Robinson Lalin was exiting the Red Line train Sunday at the time of the tragedy that claimed his life, the National Transportation Safety Board said Friday.
Little else is known about the death.
Earlier this week spokesperson for the Suffolk County District Attorney’s office, James Borghesani, said a passenger got stuck in the doorway of an inbound Red Line train at the Broadway Station at about 12:30 a.m. Sunday, was dragged a short distance, and died as a result. He was later identified as Lalin.
Spokesperson for the NTSB, Keith Holloway said the agency is reviewing surveillance footage.
NTSB investigators wrapped up their on-the-scene work by Thursday and returned to Washington, D.C., Holloway said. The agency does not yet know how many passengers were on the train or on the platform at the time, he said. But he did say via e-mail, “the passenger was exiting the train at the time of the accident.”
The car involved in Lalin’s death was put into service in 1969 or 1970, the T said earlier this week. Doors on MBTA subway cars are supposed to reopen if obstructed, and trains are not meant to accelerate unless all doors are closed, experts said.
“The NTSB is not in a position to determine the safety of the system or doors of MBTA or any railroad,” Holloway said via e-mail. “NTSB looks at each accident as an isolated event and does not conduct periodic inspections. That is not the role of the NTSB.”
MBTA board members charged with overseeing safety at the agency did not ask T staff any questions about Lalin’s death at their regularly scheduled public meeting Thursday.
On Friday, MBTA spokesperson Joe Pesaturo declined a request for an interview with General Manager Steve Poftak about the safety of the transit system.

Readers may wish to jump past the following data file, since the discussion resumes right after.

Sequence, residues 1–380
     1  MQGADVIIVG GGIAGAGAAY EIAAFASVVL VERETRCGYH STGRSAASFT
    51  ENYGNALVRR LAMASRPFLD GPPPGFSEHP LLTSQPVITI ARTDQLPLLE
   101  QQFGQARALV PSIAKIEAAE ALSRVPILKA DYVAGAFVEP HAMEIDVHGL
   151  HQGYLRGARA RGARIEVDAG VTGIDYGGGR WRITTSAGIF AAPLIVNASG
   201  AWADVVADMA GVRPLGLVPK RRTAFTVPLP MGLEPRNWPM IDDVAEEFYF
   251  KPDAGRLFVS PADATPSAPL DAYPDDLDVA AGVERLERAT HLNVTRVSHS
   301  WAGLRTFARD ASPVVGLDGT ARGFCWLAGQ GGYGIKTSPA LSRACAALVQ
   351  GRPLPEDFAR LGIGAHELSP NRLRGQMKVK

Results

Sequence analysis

“Implored by the NTSB to not make comments regarding any elements of the ongoing investigation, the MBTA will continue to respect the federal agency’s directive,” Pesaturo said via e-mail Friday.
Pesaturo said the Red Line cars and all of their components, including doors, are safe.
On Thursday evening, Lalin’s nephew Kelvin Lalin lit a candle at a small memorial he created at Broadway station. He and his family said they are frustrated that they have not heard from anyone at the MBTA about how Lalin died.
A Globe review of news archives found that several people have been injured after getting stuck in subway doors on the MBTA system since the 1990s.
Lalin’s death is the latest in a recent series of safety problems on the MBTA, including the January death of a woman whose car was hit by a commuter rail train when the crossing gates and flashing lights meant to keep cars off the tracks in Wilmington did not activate in time.
The NTSB will provide a preliminary report about Lalin’s death in the next few weeks, Holloway said. A report about the cause could take one to two years.
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